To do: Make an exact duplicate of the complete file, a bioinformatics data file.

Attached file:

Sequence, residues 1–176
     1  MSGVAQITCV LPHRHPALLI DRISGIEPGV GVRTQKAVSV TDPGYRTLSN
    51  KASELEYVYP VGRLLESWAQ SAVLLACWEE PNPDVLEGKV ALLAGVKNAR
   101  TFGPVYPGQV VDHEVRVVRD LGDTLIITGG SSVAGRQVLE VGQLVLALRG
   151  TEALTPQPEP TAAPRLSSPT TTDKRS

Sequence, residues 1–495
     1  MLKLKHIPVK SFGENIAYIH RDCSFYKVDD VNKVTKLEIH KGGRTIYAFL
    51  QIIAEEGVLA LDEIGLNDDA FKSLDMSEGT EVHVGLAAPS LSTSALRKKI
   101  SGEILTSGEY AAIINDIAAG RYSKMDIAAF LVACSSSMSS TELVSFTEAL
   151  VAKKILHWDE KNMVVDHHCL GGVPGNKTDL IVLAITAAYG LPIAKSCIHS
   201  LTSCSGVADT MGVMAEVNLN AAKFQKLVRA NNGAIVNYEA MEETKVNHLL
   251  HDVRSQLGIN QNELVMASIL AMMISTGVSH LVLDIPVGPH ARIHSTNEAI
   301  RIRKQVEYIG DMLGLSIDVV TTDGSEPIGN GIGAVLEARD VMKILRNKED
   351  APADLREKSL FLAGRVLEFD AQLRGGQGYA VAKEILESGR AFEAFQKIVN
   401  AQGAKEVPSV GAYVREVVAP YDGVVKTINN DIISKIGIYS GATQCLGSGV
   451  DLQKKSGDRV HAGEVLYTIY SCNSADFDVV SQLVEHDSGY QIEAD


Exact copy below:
Sequence, residues 1–176
     1  MSGVAQITCV LPHRHPALLI DRISGIEPGV GVRTQKAVSV TDPGYRTLSN
    51  KASELEYVYP VGRLLESWAQ SAVLLACWEE PNPDVLEGKV ALLAGVKNAR
   101  TFGPVYPGQV VDHEVRVVRD LGDTLIITGG SSVAGRQVLE VGQLVLALRG
   151  TEALTPQPEP TAAPRLSSPT TTDKRS

Sequence, residues 1–495
     1  MLKLKHIPVK SFGENIAYIH RDCSFYKVDD VNKVTKLEIH KGGRTIYAFL
    51  QIIAEEGVLA LDEIGLNDDA FKSLDMSEGT EVHVGLAAPS LSTSALRKKI
   101  SGEILTSGEY AAIINDIAAG RYSKMDIAAF LVACSSSMSS TELVSFTEAL
   151  VAKKILHWDE KNMVVDHHCL GGVPGNKTDL IVLAITAAYG LPIAKSCIHS
   201  LTSCSGVADT MGVMAEVNLN AAKFQKLVRA NNGAIVNYEA MEETKVNHLL
   251  HDVRSQLGIN QNELVMASIL AMMISTGVSH LVLDIPVGPH ARIHSTNEAI
   301  RIRKQVEYIG DMLGLSIDVV TTDGSEPIGN GIGAVLEARD VMKILRNKED
   351  APADLREKSL FLAGRVLEFD AQLRGGQGYA VAKEILESGR AFEAFQKIVN
   401  AQGAKEVPSV GAYVREVVAP YDGVVKTINN DIISKIGIYS GATQCLGSGV
   451  DLQKKSGDRV HAGEVLYTIY SCNSADFDVV SQLVEHDSGY QIEAD